All of the places we visited feature this very odd circumambulation, where pilgrims walk around the temple or monestary 3 times before entering – the Barkhor being the best example, but we saw it everywhere. The Potala Palace has to be five kilometers all the way around, so it’s quite a walk. Prayer wheels, which are spun in a clockwise fashion surround much of the Potala palace and are spun by pilgrims as they walk. Many Pilgrims carry their own Prayer wheels for their entire pilgrimage, chanting, (more like humming under their breath) and spinning as they go.
We took a trip to a day trip to Lamdrok lake which is one of only four sacred Tibetan lakes. We drove for two hours through an amazing valley dotted with tiny villages, and climbed by car to around 16,500 feet to take in the lake view. There were tour buses packed with Chinese tourists racing up the mountain to this elevation if you can believe it. After arriving at the overlook we decided we are vastly more healthy than the older Chinese tourists to climb a tall hill that took us up another few hundred feet to approximately Everest Base Camp elevation (no joke). The view was stunning. Also stunning was how quickly you felt winded climbing this few hundred feet. The lake is beautiful, but it is also a rather sad site. You can easily see the declining lake level. The Chinese Government has built a hydro electric plant there and is now slowly draining the lake to provide power to Lhasa. There isn’t a river that replenishes the lake, and it appears no one has thought through how to fill the lake after it has been drained.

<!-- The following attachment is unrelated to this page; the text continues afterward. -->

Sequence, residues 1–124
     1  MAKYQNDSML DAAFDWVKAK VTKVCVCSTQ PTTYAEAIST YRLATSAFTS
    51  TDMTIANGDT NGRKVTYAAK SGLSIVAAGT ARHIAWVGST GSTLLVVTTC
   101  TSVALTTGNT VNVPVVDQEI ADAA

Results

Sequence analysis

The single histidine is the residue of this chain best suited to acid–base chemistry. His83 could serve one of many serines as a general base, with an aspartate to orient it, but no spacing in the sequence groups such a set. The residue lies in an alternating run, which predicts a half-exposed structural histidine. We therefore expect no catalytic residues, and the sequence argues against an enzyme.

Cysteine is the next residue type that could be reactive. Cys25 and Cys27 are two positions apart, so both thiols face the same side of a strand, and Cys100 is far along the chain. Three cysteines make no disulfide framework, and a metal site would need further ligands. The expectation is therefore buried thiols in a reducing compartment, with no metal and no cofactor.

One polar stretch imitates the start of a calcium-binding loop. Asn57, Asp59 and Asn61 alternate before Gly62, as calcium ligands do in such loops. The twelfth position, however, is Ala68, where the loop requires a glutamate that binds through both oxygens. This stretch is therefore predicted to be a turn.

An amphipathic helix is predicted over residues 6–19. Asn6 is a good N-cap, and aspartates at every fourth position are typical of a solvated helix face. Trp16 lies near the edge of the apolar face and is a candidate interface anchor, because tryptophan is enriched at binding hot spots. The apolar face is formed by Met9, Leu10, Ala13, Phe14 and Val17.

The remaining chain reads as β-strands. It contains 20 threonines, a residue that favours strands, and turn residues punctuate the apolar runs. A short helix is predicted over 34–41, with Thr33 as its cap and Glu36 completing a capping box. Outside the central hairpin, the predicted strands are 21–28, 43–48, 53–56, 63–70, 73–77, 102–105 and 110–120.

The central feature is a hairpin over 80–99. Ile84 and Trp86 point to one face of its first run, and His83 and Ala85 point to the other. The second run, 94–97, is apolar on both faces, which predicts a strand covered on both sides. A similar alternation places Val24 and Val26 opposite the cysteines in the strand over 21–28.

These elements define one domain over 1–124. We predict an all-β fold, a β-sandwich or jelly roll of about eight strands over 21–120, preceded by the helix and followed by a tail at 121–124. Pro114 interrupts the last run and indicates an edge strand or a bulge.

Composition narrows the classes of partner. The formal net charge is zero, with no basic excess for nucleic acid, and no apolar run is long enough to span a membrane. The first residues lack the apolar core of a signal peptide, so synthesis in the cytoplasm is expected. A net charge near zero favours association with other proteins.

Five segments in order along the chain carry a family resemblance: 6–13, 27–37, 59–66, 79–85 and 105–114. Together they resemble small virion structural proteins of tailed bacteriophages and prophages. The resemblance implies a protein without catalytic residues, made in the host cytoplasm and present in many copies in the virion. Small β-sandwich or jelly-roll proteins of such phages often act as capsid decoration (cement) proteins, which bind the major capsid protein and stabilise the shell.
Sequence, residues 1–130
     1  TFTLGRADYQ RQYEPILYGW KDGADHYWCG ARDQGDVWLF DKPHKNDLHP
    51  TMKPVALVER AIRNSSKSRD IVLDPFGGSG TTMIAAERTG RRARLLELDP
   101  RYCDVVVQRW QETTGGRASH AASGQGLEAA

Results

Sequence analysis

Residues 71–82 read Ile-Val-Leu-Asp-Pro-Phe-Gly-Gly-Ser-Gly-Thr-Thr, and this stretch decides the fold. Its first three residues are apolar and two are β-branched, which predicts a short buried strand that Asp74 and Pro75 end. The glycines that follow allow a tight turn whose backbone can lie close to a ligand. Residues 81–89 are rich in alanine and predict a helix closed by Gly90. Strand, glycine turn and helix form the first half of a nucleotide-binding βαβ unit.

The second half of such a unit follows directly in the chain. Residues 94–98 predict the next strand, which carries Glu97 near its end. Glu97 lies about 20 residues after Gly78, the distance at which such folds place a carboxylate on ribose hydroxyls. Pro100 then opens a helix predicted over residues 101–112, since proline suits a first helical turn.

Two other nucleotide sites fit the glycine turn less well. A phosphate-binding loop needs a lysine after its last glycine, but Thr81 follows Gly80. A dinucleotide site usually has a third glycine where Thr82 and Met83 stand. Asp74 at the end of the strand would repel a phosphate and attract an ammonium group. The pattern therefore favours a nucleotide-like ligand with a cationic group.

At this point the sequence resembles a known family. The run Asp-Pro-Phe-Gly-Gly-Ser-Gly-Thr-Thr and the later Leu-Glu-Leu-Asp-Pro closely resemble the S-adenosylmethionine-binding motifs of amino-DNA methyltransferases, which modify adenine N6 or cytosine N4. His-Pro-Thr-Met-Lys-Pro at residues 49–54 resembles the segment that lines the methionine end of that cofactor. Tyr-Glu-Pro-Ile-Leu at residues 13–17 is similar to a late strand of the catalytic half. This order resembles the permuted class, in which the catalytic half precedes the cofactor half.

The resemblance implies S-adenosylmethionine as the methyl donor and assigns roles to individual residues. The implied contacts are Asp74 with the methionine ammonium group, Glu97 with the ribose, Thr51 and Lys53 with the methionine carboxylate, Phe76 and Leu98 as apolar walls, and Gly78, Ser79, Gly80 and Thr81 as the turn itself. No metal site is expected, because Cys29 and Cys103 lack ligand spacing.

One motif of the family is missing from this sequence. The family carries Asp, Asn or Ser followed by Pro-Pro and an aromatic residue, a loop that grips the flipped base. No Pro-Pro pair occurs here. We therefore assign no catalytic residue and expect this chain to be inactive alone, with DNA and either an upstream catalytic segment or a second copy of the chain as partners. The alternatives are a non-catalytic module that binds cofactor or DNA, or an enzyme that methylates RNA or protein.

Our tour guide Yangdron, was a wonderful woman and someone that was such a pleasure to hang out with. After spending time with us, and talking with Rebecca, she asked if we would like to visit an orphanage that she is associated with. The name of the orphanage is the Chushul Country Nam Children’s Home. Orphanages in Tibet are very rare, because extended family usually takes care of children without parents, but this isn’t possible all the time and there is a growing trend as economic realities change extended families ability to care for an extra child. The orphanage houses up to 18 children and we met 13. The orphanage gets some money from the government, about 200 yuan (or $26 USD) per child per month, less than $2 per day – which is well below what it takes to live even at a meager level in Tibet. The rest of the money, if it comes at all, comes from private individuals like us or you. The beds are scant, heat is scarce, meat is very rare, and they just got a refrigerator (Yangdron bought it for them) to keep food longer than a day or so. We visited one day and brought school supplies and candies and returned the next day to bring some other things and take some pictures so we can share with you on this blog. We asked Yangdron how much money it would take to bring these kids to the standard of living that the little town surrounding it “enjoys”. She said that she’d recommend less money and more bedding, clothes and essentials – which you know definitely make it to the kids. She said we could mail clothing or other items to her and she would take it to the orphanage. We’re all in – and will be providing clothes and other essentials for these children. It’s not much, but it is a tangible way we can back some of the luck we’ve had over the years, giving these kids a much needed boost in life. If you would like to help these kids as well, please send Yangdron an email at Dronyang@hotmail.com or call her on her mobile at + 0086 13638980596. It’s so true when it's said that little things make a HUGE difference.